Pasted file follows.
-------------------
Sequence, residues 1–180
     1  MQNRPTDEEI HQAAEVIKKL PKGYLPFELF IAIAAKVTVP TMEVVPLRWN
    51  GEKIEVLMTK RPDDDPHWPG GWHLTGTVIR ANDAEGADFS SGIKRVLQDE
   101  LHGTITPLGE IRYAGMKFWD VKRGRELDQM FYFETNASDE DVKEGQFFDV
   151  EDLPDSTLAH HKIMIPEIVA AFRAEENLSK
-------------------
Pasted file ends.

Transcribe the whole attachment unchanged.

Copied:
Sequence, residues 1–180
     1  MQNRPTDEEI HQAAEVIKKL PKGYLPFELF IAIAAKVTVP TMEVVPLRWN
    51  GEKIEVLMTK RPDDDPHWPG GWHLTGTVIR ANDAEGADFS SGIKRVLQDE
   101  LHGTITPLGE IRYAGMKFWD VKRGRELDQM FYFETNASDE DVKEGQFFDV
   151  EDLPDSTLAH HKIMIPEIVA AFRAEENLSK